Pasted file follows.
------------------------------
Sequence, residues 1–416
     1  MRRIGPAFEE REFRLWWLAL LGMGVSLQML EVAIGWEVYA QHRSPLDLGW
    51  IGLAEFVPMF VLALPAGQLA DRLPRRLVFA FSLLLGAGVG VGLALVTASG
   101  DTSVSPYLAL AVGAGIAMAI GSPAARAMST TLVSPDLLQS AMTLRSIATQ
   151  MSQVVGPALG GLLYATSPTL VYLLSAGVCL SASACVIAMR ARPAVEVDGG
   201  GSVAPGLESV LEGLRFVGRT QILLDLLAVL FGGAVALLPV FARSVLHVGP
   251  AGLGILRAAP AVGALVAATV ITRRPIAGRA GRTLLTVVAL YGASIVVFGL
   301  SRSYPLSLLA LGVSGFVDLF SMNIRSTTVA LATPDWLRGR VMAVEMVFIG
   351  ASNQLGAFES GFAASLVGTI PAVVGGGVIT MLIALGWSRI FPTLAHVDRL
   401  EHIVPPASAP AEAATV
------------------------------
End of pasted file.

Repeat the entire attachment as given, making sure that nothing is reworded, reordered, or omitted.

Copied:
Sequence, residues 1–416
     1  MRRIGPAFEE REFRLWWLAL LGMGVSLQML EVAIGWEVYA QHRSPLDLGW
    51  IGLAEFVPMF VLALPAGQLA DRLPRRLVFA FSLLLGAGVG VGLALVTASG
   101  DTSVSPYLAL AVGAGIAMAI GSPAARAMST TLVSPDLLQS AMTLRSIATQ
   151  MSQVVGPALG GLLYATSPTL VYLLSAGVCL SASACVIAMR ARPAVEVDGG
   201  GSVAPGLESV LEGLRFVGRT QILLDLLAVL FGGAVALLPV FARSVLHVGP
   251  AGLGILRAAP AVGALVAATV ITRRPIAGRA GRTLLTVVAL YGASIVVFGL
   301  SRSYPLSLLA LGVSGFVDLF SMNIRSTTVA LATPDWLRGR VMAVEMVFIG
   351  ASNQLGAFES GFAASLVGTI PAVVGGGVIT MLIALGWSRI FPTLAHVDRL
   401  EHIVPPASAP AEAATV